I then look for Aarti. She is standing alone in the balcony. By now she has stopped crying. “What do you want to become when you grow up, Aarti?” I ask. Her cheeks turning red, she says, “Kuch nahin (nothing).”

* All names except that of Aarti has been changed to protect the identity of the people in this article.

[This is the 15th portrait of the Mission Delhi project]

Is she crying?

Mission Delhi – Aarti, GB Road

Don't look so sad

Mission Delhi – Aarti, GB Road

Mummy's darling

Mission Delhi – Aarti, GB Road

Aarti during some other day

Mission Delhi – Aarti, GB Road


prachi said...

it is heart rendering, youR article, Aarti's story and story of so many such children and women.

M.Rag said...

Very heart touching. Mayank please do something for Aarti. There is also an organisation "Salam Balak trust" for such type of childrens. Please! do not let her go on the path of her mother...BABA kabhi to kuch kiya karo khuda ke kilye...

Bhopale said...

Thanks Mayank ... amazing post.

Anonymous said...

You know Austin human greed is always compress your good man inside you.like aarti's mother.Right now she is not able to understand about what you talking. Future for her is playing , moving here and there etc. but now this is what we have to decide her FUTURE .

Rajiv.zeevie said...

dil hila diya yaaaaaaaarrrrrrrr.kya hum kuch kar sakte hain fr these type of children.niece piece of work sooofi bhaaaiiiii.jeete raho.GOd bless U.

mao said...

My heart breaks :(. Bechari Aaarti. Once upon a time, maybe Aneeta was a little Aarti too.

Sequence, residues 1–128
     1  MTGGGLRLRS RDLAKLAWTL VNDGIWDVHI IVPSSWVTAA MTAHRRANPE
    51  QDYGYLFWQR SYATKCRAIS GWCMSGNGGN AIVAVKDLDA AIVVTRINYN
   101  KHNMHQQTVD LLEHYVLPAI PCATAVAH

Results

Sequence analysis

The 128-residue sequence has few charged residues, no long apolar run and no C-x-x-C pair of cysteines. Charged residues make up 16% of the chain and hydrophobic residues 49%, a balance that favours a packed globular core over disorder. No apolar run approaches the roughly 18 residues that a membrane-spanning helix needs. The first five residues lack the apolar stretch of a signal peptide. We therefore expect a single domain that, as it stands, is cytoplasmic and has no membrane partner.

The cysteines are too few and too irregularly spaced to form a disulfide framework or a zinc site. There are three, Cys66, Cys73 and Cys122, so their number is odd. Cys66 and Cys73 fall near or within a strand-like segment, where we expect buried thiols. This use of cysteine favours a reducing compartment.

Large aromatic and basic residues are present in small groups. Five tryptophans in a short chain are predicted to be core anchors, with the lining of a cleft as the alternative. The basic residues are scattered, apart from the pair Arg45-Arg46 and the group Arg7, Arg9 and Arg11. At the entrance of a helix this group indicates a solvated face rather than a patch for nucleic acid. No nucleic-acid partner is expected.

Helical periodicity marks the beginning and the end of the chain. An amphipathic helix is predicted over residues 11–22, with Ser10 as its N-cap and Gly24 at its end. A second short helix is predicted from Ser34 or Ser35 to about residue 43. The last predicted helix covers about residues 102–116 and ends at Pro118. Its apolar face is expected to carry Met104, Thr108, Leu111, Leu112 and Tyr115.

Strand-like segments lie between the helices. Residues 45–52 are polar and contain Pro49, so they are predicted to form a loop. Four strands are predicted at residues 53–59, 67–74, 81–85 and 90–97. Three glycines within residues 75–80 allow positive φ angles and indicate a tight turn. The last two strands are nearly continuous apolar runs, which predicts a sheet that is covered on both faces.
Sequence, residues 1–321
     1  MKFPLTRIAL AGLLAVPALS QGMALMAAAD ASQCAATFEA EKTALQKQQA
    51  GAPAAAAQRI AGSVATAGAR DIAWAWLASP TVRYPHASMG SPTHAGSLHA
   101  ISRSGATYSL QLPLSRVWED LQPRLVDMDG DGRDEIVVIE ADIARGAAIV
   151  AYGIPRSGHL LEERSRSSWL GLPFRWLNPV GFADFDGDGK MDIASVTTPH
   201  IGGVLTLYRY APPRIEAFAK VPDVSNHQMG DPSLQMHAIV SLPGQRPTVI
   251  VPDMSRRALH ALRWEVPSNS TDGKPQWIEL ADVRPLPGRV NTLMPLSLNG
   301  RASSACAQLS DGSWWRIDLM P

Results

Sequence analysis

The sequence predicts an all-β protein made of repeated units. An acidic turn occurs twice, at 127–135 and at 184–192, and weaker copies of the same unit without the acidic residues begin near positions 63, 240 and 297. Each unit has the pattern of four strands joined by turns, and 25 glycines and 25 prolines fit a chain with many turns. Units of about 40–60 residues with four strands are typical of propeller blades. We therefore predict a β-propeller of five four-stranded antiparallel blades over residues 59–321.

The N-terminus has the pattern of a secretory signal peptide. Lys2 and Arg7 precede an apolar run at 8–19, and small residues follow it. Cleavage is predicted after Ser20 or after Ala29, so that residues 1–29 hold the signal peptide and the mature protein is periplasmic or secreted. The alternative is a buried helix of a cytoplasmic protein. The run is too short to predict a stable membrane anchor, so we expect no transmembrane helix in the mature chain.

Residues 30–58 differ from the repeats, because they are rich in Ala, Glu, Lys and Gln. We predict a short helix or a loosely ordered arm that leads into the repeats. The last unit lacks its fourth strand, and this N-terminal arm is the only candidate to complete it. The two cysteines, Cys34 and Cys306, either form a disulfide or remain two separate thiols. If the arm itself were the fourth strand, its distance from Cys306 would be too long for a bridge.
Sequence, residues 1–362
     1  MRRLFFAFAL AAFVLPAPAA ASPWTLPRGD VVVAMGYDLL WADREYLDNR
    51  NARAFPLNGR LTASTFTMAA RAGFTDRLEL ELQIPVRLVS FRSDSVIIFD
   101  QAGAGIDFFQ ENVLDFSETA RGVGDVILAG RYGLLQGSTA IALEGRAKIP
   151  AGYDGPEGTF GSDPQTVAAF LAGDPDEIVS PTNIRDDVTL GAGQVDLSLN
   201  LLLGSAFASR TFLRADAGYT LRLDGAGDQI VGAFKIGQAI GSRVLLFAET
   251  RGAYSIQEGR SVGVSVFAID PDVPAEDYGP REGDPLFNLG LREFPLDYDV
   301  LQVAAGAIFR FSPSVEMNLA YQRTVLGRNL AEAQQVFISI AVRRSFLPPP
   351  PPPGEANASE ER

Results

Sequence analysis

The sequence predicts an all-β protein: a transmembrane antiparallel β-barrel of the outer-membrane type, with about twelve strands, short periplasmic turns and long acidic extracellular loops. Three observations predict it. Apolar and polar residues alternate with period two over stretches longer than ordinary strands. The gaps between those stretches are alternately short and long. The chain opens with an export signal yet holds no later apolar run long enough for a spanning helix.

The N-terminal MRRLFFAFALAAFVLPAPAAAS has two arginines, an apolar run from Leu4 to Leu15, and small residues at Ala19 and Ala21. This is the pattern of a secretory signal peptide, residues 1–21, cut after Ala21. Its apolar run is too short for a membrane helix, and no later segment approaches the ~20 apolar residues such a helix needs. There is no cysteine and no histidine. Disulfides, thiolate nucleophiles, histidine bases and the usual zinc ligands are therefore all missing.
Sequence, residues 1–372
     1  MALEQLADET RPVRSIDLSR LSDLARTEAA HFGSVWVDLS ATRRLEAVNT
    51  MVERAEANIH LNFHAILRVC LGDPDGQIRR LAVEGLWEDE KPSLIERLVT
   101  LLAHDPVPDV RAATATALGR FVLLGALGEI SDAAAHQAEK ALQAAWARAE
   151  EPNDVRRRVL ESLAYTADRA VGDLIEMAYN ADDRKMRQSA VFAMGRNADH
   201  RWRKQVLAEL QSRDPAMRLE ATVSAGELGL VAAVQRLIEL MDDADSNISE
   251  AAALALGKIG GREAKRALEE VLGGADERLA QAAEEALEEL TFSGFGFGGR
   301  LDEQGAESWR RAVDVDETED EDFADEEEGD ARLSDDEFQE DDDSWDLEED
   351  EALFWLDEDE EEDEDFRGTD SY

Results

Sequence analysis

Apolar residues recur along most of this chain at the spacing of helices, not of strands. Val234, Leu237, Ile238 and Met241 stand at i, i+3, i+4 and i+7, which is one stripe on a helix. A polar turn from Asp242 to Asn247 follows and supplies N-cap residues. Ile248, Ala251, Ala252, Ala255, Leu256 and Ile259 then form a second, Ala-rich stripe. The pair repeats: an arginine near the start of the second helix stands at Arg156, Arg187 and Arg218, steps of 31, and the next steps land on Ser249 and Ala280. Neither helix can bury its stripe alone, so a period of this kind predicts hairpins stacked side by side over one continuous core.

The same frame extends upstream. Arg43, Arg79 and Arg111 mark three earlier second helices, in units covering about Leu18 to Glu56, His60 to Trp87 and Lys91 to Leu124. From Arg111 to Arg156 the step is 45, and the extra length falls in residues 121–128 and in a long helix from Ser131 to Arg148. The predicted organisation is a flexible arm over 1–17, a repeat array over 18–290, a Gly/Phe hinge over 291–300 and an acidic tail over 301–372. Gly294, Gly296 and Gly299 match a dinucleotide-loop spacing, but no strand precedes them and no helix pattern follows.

grant261 said...

Very moving story, Mayank. It reminded me of a book and film entitled "Born into Brothels."

The children were given cameras and documented their lives. I read recently that one of them was accepted into a photography program in NYC.

I hope Aarti's story has a happy ending.

Anonymous said...

thought provoking article

Toolika Wadhwa said...

why did you not want to protect the identity of this young girl? you dont think it is as important?

Anonymous said...

aww..she's such a cutie..i pray that she'll make it out someday and go on to bigger and better things. god bless her and her mother..hopefully the mother will get out of her abusive relationship soon before it's too late. No man is worth it if u he's capable of abuse(be it physical, mental, or sexual).

ankita said...

hey, your article is disturbing, it's horrifying to imagine her life.She may lose her virginity even before she realises her being a virgin once. Wonder how many Artis are out there. Growing up knowing you will be doing it one day surely takes courage.only if she could escape it. i wonder could she n the millions like her .............

Anonymous said...

thank you for the very touching article and moving photos. unfortunately in revealing this beautiful little girls identity, you have made her more valuable to those who exploit children. many of those featured in "born into brothels" became targeted and further exploited after the film to raise awareness was released . . . can we raise awareness/help without making the vulnerable even more so?